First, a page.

Is the economy good or bad? In a nutshell: Yes.
If recent economic headlines have given you a boost, you’re not alone. The economy has sent a lot of mixed messages. Every few days, a new report seems to give a very different impression of the current situation – and whether Americans should bask in boom times or batten down the hatches.
In fact, both accounts could be correct. There are some very good things happening in the economy, which means we’re probably not in a recession yet; but there are also extremely worrying signs suggesting that a recession may be imminent.
Last week, for example, we received another strong jobs report, which showed that 372,000 new jobs were added in June. This is a downturn from the start of the recovery, but it’s still a gangbuster number by historical standards. Thanks to an unusually fast recovery in the labor market, there are more jobs in the private sector today than before COVID-19.
Similarly, the unemployment rate, at 3.6%, is also high by historical standards. For context: there have only been three months in this century when unemployment has fallen.
Of course, that doesn’t sound like an economy in recession.
On the other hand:
Economic output – also known as gross domestic product (GDP) – shrank in the first quarter of this year, and some forecasts suggest it may have contracted again in the second quarter. Corporate profits also fell earlier this year and stock markets trended lower.
And, of course, the party’s main pain in the neck is inflation.
Inflation hit a new 40-year high in June, at 9.1% from a year earlier. Energy prices are driving much of the increase, but almost everything Americans buy has become much more expensive, including groceries and rent.
This rise in the cost of living has been extremely painful, especially for low-income households. This is the main reason why consumer sentiment just recorded its worst reading on record.
On the other hand, on the other hand:
Americans can say they’re disappointed with the economy and furious with inflation – but they don’t seem to be acting on that negativity yet. Consumer spending remained strong, even after adjusting for inflation. About a third of workers say they plan to leave their jobs this year, which is generally not a sign of low confidence in the economy.
So what about these confusing signals?
One possibility is that some of these trends will stop contradicting each other once new data comes in and past numbers are revised.
Employment figures, for example, can be subject to huge revisions, especially at times of economic downturn. Not because someone is preparing the books. It’s really hard to measure hiring patterns in real time, especially when more businesses than usual are closing or opening.
But suppose you take the latest estimates at face value. Here’s another way to reconcile at least some of these trends: the economy is overheating. This explains why the labor market is strong, why people seem confident enough to leave their current jobs and seek new opportunities, why they spend so much and why prices are rising so rapidly.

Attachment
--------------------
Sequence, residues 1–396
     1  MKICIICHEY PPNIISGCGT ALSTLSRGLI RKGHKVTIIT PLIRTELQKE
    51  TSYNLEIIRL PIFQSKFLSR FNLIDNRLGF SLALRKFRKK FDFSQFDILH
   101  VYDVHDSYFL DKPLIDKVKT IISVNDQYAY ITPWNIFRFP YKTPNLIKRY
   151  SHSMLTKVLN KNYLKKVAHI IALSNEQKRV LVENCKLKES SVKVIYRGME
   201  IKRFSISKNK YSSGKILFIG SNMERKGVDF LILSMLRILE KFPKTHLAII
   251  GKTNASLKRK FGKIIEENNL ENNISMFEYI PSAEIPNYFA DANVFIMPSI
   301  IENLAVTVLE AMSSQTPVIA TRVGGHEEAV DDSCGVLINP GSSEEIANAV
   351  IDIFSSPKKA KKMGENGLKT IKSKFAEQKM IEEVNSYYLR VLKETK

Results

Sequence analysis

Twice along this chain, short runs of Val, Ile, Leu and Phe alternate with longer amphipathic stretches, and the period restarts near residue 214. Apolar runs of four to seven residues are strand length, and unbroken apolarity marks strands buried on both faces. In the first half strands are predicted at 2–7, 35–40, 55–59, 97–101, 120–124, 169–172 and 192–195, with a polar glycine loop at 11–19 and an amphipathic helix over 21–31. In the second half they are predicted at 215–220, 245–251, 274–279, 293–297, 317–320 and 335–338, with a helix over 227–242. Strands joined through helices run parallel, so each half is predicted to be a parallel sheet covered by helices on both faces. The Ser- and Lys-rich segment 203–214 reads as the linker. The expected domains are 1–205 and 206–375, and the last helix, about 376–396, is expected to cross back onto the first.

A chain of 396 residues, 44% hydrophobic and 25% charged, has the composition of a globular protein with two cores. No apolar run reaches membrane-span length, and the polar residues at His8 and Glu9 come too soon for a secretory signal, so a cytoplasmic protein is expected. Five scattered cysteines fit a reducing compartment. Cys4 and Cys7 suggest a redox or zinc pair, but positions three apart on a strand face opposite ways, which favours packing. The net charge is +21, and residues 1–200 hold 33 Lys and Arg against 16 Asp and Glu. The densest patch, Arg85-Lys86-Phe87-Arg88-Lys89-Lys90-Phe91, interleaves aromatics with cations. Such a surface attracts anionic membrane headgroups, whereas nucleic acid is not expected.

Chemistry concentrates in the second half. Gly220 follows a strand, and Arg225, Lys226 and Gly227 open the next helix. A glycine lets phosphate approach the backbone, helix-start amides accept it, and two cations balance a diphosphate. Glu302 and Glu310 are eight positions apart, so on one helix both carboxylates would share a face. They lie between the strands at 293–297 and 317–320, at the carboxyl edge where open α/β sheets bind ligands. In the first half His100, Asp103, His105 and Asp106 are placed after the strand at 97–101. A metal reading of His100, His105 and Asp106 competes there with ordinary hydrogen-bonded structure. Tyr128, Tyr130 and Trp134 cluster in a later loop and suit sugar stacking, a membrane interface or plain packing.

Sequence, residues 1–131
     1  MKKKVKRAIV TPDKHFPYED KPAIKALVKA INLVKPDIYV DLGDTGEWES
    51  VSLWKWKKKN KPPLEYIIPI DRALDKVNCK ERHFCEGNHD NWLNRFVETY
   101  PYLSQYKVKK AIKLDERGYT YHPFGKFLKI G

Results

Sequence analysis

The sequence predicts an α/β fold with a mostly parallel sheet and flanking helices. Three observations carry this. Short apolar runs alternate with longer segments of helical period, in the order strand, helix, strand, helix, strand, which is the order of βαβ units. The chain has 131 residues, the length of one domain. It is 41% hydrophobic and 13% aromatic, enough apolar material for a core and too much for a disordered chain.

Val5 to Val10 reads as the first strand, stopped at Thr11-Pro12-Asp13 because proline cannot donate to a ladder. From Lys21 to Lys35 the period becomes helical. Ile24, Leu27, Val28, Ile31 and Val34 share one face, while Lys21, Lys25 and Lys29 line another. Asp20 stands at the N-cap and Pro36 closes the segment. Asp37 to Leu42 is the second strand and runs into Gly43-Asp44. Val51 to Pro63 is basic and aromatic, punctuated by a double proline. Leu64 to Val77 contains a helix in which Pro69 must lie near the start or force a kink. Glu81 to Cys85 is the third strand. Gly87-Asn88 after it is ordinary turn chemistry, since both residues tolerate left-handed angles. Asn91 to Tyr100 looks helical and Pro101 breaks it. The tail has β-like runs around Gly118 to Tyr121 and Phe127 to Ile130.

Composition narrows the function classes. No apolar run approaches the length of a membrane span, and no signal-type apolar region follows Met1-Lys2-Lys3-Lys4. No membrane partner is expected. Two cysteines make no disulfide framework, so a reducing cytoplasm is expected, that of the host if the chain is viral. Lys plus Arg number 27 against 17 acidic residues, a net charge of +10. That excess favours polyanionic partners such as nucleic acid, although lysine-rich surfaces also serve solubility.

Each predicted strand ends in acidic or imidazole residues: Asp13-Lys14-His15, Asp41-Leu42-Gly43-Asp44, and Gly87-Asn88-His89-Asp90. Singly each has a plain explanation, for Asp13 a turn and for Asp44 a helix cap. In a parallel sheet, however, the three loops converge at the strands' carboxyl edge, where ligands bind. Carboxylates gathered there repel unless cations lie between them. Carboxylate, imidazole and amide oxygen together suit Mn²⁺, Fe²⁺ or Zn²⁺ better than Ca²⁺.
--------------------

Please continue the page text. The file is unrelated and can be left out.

It also illustrates why recession-related worries are growing. It’s a bit counter-intuitive, but let me explain.
The standard prescription for an overheated economy is to raise interest rates in order to dampen demand. The Federal Reserve’s goal is to raise rates just enough to slow price growth, but not so much that the economy collapses. However, the worse the inflation numbers are month after month, the more aggressively the Fed needs to act.
In other words: the hotter the economy, the more cold water is needed to extinguish the flames. And the more cold water is poured, the more likely it is that the economy will completely drown.
Unfortunately, the June inflation report was torrid. The markets are anticipating increasingly steep rate hikes. In May, for example, the idea that the Fed could raise rates by three-quarters of a percentage point in a single meeting was seen as off the table. Then, inflation numbers remained uncomfortably high and the Fed finally announced a three-quarters of a percentage point hike in June.
This is the fastest rate increase in almost 30 years. At the next Fed meeting later this month, markets are expecting another hike of at least that magnitude – in fact, a full point hike now looks possible.
This is why the markets are panicking, once again. This is also why there is a growing threat of recession next year. I’m not talking about “recession” in the sense that lay people sometimes use the term to mean “something is wrong with the economy”. I mean “recession” as economists define it: a significant contraction in economic activity distributed across the economy, typically manifesting in incomes, jobs, GDP and other key metrics.
As ugly as Americans think of the economy now – while some measures still look pretty good! – the coming months could be much worse.